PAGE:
Wednesday, January 13, 2010
The animated film, Up, had somehow completely slipped past my radar when it was released in 2009. As much as I now regret missing it on the big screen, it's unlikely I would have made the effort to see it in a theater. I mean, it's just a cartoon, right? Instead, I watched the DVD last night, and it was so good it inspired me to wake my blog up to write about it. As my title suggests, I consider this to be the first Pixar film and one of the rare animated films created for grownups rather than for kids. I don't suggest that previous Pixar films and many other made-for-children animated movies can't be appreciated by adults, just that this may be one movie not particularly appreciated by kids.
The plot synopsis from IMDB is simple enough: By tying thousands of balloon to his home, 78-year-old Carl Fredricksen sets out to fulfill his lifelong dream to see the wilds of South America. Frankly, that didn't inspire me much at all and it doesn't begin to capture the beauty of the story created by Pete Docter, Bob Peterson and Thomas McCarthy. The first 15-20 minutes of the film, beginning in familiar territory with a small boy becoming captivated by a heroic explorer then moves through a montage of Carl's life that stands as a brilliant gem of animation all by itself. Beautiful and emotionally rich, that montage had me so choked up and damp-eyed I took a break from the DVD.
And then Pixar went into completely unfamiliar (forbidden?) territory: the protagonist is an old man! A really old guy, who creaks and groans just getting from bed to front porch, and who needs a walker to get anywhere. And what I love most is that the writers avoided the most obvious cliches to set up the adventure, because Carl is not a cranky, bitter old goat looking back on an empty life devoid of meaning or moment, ripe for redemption and enlightenment, but a 78-year-old man who has lived an emotionally full and joyous life. Well, he is a bit cranky, but I can relate.
The remainder of the film is "just" the usual gorgeous Pixar animation. The tone changes dramatically, with plenty of adventure and humor. You have to have great animals in a film like this, of course, and Up has several, including a (naturally) lovable dog named Dug, and funny bits for people who know dogs. Squirrel!
When recommending the film elsewhere, I wrote something like "While it's not the greatest animated film ever..." which then begs the question, what is the greatest animated film ever? And that turned out not to have a simple answer. When I was a child, I saw Fantasia in the theater and it lodged itself in my consciousness forever. According to Wikipedia, I saw it in SuperScope and stereo. Although it was a money-loser in early releases, Fantasia set the bar for animation pretty high. So had Snow White & the Seven Dwarves, Pinocchio and Dumbo. These movies were beautiful, amazing stories brought to life by thousands of hours of painstaking work. I cannot imagine there is any dispute that they are at or near the top of any list (and here, I have to admit a gaping hole in my own viewing: Japanese animated films).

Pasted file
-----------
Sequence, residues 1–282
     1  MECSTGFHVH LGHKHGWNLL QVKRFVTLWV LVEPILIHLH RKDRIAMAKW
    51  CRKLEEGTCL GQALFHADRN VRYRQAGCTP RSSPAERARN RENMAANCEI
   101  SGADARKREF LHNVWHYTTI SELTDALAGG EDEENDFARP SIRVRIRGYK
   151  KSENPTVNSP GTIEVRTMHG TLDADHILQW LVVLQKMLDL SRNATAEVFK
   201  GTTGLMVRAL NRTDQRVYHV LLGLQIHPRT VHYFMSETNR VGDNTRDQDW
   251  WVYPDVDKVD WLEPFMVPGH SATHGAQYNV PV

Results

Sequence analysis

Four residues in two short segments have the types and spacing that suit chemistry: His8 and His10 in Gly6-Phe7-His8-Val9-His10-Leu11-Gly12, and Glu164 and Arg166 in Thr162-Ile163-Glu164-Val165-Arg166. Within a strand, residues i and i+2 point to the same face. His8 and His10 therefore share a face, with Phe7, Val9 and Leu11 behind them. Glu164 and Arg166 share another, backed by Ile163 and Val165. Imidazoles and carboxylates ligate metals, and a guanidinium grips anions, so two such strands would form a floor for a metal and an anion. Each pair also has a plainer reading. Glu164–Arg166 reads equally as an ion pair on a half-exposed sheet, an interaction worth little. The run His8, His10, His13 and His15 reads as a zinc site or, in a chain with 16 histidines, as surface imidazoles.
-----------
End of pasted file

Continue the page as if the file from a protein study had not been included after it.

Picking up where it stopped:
I struggle with a definition of "great animated films", beyond an obvious OhMyGod factor such as those Disney films possessed. Because of the nature of animation, there is also a HowDidTheyDoThat?! factor, usually the product of a technical breakthrough. If we award "great" based on that factor, we have to include Gertie the Dinosaur, which Windsor McKay reportedly created on a bet, and took on tour in 1914. And Mickey Mouse in Steamboat Willie, which had sound! (I'm old enough to be astonished to learn that you can actually watch both of these films online, from the comfort of your own PC.)
There had been a few examples of mixing live action with animation, but never anything as thorough and as astonishing as 1988's Who Framed Roger Rabbit? which not only broke down the wall between toons and humans, but even walls between studios. A piano duet with Daffy and Donald ducks? That's just not possible! Judging from online lists, Roger appears to have fallen from view, but it remains a personal favorite.
Another favorite is Nick Park's brilliant claymation film, The Wrong Trousers, with Wallace and Gromit (and, honestly, other W&G films that followed). Besides being terribly funny, Park's work has always had a huge HowDidTheyDoThat?! factor going for it.
In 1995, Pixar pretty well nailed down the HowDidTheyDoThat?! once and for all with Toy Story. They've done it so consistently since then, in fact, that they may well have removed the wow factor of technology entirely from consideration. There's no more HowDidTheyDoThat?! left; we expect a Pixar film or any film competing with Pixar's product to have incredible graphics, and anything less would be a disappointment.
Which is not to say that great animation cannot be achieved without AmazingTechnology! Very high on my personal list is the 2003 French surrealist film, The Triplets of Belleville, which is an astonishing and original masterpiece of the art.
(That struggle to list the "greatest" animated film has, for the most part, assumed the answer was in feature-length films. Otherwise, mine would be an easy list featuring Chuck Jones, Daffy Duck and Bugs Bunny.)
When all is said and done, does Up make the list? I have no idea, except to say that it's a terrific movie and you should see it. Just be sure the pack your hankies.